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Post new topic The various E13 tuning choices for 10-string lap steel
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Author Topic:  The various E13 tuning choices for 10-string lap steel
Jack Hanson


From:
San Luis Valley, USA
Post Posted 4 Dec 2017 8:02 pm     Reply with quote

I have an old 10-string Gibson that's currently strung for C6 that gets precious little playing time. I'm contemplating setting it up for E13. Would a 22.5" scale instrument be conducive to E13?

I have read about the Morrell tuning, the Jules tuning, the McAuliffe tuning, Boggs, West, etc... Can anyone explain the similarities and differences, and the strengths and weaknesses of the various E13 tunings?

What variation would be the most natural for a guy like me to slide into (pun intended). I'm most familiar with the standard 10-string pedal steel E9, the 6-string C6-based tunings, and the high bass 6-string resonator tunings.
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Tom Cooper


From:
Orlando, Fl
Post Posted 5 Dec 2017 2:32 am     10 string tuning Reply with quote

Here is what I have ended up with after lots of debate:
B D E F# G# B C# E G# F# .
It's Morrell tuning with top two string reversal to be like familiar pedal steel, and low B instead of E. I could drop he B down to E if I had to. So far liking the low B. I do a lot of classic country type stuff, but also trying to learn swing and jazz. The G# where it is on top keeps my Don Helms parts, the rest is familiar E9 grips and 6th chord. I think I will be with this for a long time. Just got a ten string. Want to live in one tuning for a while.
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Stefan Robertson


From:
London, UK
Post Posted 5 Dec 2017 6:32 am     Re: The various E13 tuning choices for 10-string lap steel Reply with quote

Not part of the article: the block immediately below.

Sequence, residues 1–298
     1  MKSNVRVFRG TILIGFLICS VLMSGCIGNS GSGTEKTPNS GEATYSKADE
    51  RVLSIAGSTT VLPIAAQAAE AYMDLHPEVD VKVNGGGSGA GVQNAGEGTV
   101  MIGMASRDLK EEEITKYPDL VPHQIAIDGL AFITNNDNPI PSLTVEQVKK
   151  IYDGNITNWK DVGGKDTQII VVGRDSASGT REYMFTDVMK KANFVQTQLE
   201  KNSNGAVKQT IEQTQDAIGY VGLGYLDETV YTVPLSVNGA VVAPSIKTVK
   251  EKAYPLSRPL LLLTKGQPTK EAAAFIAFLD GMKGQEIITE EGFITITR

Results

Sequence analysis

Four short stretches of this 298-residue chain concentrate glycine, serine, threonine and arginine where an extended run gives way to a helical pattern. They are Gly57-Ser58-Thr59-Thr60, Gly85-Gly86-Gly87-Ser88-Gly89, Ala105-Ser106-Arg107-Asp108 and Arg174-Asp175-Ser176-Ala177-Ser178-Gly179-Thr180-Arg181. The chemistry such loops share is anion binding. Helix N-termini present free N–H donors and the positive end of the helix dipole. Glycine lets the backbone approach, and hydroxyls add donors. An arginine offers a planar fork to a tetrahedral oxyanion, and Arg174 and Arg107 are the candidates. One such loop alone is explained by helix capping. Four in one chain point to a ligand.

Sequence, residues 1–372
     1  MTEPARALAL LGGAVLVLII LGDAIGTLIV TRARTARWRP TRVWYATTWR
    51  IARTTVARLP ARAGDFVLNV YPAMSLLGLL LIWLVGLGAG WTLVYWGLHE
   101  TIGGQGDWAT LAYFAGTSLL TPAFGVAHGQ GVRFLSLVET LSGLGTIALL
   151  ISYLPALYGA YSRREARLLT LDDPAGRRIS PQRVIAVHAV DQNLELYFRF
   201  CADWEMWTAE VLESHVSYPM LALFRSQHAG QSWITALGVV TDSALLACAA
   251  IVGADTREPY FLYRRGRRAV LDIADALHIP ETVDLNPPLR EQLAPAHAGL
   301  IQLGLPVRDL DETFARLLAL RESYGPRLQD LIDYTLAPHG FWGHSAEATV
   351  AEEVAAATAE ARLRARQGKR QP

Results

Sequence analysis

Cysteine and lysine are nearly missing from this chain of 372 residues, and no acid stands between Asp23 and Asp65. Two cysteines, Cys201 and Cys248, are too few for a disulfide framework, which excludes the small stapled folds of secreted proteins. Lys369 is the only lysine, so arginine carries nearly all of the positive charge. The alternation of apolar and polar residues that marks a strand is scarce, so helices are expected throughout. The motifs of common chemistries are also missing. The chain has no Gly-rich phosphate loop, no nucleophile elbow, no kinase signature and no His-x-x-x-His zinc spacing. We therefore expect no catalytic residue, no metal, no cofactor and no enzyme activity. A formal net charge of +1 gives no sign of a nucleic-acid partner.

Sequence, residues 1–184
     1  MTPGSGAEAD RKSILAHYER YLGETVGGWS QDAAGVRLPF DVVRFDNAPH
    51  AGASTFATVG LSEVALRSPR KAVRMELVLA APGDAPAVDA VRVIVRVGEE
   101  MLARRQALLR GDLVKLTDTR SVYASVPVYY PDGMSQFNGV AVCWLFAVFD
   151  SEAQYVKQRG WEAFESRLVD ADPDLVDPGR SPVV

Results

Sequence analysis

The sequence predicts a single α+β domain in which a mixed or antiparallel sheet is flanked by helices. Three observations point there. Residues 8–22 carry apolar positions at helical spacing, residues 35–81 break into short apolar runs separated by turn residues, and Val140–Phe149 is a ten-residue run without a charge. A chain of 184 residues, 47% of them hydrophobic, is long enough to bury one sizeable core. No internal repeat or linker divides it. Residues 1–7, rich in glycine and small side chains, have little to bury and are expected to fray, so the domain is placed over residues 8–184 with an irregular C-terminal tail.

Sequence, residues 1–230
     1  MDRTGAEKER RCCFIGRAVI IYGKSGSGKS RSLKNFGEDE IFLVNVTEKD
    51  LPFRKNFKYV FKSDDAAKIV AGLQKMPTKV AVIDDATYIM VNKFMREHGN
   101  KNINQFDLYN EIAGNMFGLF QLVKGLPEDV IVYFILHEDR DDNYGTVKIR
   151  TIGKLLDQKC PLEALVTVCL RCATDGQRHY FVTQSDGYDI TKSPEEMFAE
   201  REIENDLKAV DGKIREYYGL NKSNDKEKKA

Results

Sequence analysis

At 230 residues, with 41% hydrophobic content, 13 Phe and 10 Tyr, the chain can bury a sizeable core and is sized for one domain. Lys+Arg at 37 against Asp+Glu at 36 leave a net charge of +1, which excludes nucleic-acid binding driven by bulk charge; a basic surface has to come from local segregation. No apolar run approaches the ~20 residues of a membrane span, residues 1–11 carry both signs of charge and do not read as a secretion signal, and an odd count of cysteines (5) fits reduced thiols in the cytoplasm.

Jack Hanson wrote:
I have an old 10-string Gibson that's currently strung for C6 that gets precious little playing time. I'm contemplating setting it up for E13. Would a 22.5" scale instrument be conducive to E13?

I have read about the Morrell tuning, the Jules tuning, the McAuliffe tuning, Boggs, West, etc... Can anyone explain the similarities and differences, and the strengths and weaknesses of the various E13 tunings?

What variation would be the most natural for a guy like me to slide into (pun intended). I'm most familiar with the standard 10-string pedal steel E9, the 6-string C6-based tunings, and the high bass 6-string resonator tunings.


22.5" scale length is ideal for non-pedal playing especially E13 as its easier to slant in tune lower down the fretboard.

E13 is filled with plenty of advanced, intricate voicings but using slants gives you even more. Forward and reverse slants.

The Morrell tuning encompasses ALL of the stated tuning intervals above except the low B. A combination of all three would be best and encompasses that low B in the tuning.

Which in itself would offer you a extremely useful and common

Drop 2 Dom7 chord inversion which is also a Dim7 Chord inversion.
And a Root position Dom7 reverse slant

Weakness is the wasted Low E string which is not as useful as a root on the 10th string but offers ALOT more if you place it in between the D and F#. So imagine Tom Morrell's tuning with a low B instead of Low E.

Some can't live without the Low E because of Boot Heel Drag - (Just change the key and play it a semitone up in F - easy)

I would honestly sacrifice the high G# string and make it a low G# as there is NOT a single voicing that this offers that you can't play somewhere else. This may seem odd to many C6 players as they are used to the 3rd interval on top However in such a high pitch tuning having a lower register is more beneficial.